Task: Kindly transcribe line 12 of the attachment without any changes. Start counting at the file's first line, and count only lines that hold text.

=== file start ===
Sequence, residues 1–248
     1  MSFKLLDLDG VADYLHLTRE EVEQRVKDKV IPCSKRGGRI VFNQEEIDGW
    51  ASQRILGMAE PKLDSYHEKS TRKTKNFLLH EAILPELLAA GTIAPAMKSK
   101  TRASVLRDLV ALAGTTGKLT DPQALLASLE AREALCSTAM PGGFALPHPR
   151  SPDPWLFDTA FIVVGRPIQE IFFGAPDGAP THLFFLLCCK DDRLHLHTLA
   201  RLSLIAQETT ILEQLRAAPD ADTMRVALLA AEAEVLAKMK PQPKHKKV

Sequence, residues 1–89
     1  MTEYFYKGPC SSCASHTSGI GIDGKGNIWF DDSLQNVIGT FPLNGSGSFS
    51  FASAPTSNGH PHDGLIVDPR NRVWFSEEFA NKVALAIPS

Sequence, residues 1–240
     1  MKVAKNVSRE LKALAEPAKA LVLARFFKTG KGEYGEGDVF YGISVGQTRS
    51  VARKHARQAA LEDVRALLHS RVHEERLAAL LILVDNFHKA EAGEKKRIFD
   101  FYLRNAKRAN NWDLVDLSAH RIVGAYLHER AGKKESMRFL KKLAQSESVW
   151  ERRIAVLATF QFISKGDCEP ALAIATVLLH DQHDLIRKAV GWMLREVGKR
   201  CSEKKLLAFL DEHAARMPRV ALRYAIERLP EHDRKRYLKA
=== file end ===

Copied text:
    51  VARKHARQAA LEDVRALLHS RVHEERLAAL LILVDNFHKA EAGEKKRIFD